The Potter’s Hand by A.N. Wilson
Atlantic Books $39.95

Mr Wilson is prolific; he is known for his histories, biographies, novels and controversy for controversy's sake, more or less equally. But in this novel he seems to have somewhat lost the knack he did have for fiction.

The Potter's Hand is his first novel for some years. It is not uplifting, nor cheerful. It is, generally, sad. And sadly, because he was once quite polished, it is inept and slipshod, groping for profundity, and not finding it. Wilson has gone fishing for the Novel of Ideas but not hooked anything very big or tasty. He has been a natural storyteller and his earlier novels are quite tight, but this time he doesn't invent much plot to lose.

So do I give it away? The central conceit, that a master craftsman's finest work is not actually his, but the work of a self-taught Native American, is a bit of a stretch - because we're not in magical realism territory with Wilson, but rather literal-minded historicism.

Our central figure, if not a hero, has a wooden leg, and it is attached to a thoroughly wooden character.


Based on Wilson's own ancestor, the craftsman potter/industrialist/visionary Josiah Wedgwood does not spring to life off the page, despite being hung about with enough 18th century tropes to audition for Blackadder.

The other principal, the male romantic interest, travels to the American colonies as they prepare to rebel against George III, to buy fine china clay from the surprisingly urbanised and technologised Cherokee nation - who, in this narrative, are more civilised than the degenerate colonists, some of whom have reverted to absolute barbarism.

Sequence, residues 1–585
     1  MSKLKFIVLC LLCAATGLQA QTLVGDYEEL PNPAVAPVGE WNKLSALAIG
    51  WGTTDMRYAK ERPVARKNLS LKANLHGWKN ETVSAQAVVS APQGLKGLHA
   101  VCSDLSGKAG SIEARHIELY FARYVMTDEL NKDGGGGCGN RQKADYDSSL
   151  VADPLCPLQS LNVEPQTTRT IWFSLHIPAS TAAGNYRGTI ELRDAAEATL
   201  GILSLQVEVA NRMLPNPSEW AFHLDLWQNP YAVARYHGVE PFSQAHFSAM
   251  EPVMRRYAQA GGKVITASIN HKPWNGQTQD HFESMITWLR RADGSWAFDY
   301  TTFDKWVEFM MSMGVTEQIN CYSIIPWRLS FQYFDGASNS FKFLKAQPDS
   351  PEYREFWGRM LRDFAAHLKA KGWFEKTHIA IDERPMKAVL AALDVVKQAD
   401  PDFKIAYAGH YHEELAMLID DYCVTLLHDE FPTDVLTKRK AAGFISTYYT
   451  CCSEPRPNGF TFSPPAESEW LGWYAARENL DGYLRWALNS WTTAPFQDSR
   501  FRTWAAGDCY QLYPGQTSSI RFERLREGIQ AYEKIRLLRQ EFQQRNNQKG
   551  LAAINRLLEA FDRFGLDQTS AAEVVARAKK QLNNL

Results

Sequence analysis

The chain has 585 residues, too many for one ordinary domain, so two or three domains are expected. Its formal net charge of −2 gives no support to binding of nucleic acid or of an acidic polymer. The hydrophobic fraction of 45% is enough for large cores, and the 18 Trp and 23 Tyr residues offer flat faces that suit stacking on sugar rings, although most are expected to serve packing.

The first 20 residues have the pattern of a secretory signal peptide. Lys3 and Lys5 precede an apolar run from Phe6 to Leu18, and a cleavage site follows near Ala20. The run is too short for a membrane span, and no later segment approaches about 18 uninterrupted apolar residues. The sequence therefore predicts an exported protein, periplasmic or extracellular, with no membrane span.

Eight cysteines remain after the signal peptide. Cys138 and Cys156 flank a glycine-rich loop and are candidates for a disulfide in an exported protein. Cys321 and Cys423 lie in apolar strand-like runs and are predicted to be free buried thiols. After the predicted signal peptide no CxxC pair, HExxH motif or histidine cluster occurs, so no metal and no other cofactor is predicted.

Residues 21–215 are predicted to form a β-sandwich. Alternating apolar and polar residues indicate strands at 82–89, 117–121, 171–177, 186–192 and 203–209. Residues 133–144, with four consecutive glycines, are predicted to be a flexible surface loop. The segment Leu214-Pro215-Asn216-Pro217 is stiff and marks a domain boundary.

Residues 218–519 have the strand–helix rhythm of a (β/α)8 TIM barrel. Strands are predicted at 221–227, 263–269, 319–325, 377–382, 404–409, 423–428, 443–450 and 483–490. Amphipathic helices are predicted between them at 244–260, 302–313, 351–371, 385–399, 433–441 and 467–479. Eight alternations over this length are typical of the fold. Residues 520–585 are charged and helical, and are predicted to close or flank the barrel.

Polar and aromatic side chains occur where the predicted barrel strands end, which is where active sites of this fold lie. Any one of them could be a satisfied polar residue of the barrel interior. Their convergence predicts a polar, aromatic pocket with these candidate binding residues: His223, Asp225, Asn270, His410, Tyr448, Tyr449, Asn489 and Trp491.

Actually, that was the bit I liked. After that it got a bit dull. The Big Man grows old and cantankerous, his spoilt sons fall short ... but it was ever thus with dynasties.

It does not convince, either, when these sons fall in with Samuel Taylor Coleridge, who clearly figures in Wilson's mind as a fraud and a blot on our history.

This Coleridge is a slug and a bludger, the poet belittled to score cheap thrills of denigration, Oh, all right, Wilson is allowed to dislike Coleridge, he doesn't crack me up either, but it doesn't do much for the novel, and if it is intended to amuse, well, it didn't.

Then there is the clumsy striving for drug cred. Most of the cast (who include Darwin's dad, among other historical celebrities) are on varying doses of laudanum through 500 pages, but they are usually in pain so that's at least relevant. But there is a particularly gratuitous attempt at a Cheech and Chong moment which is laughable, but for the wrong reasons.

And I seriously doubt the phrase "muscle up" was used in 1760. But if it was, it would still disturb the surface tension of a text that strives to feel robustly Georgian, and doesn't.

Rick Bryant is an Auckland reviewer.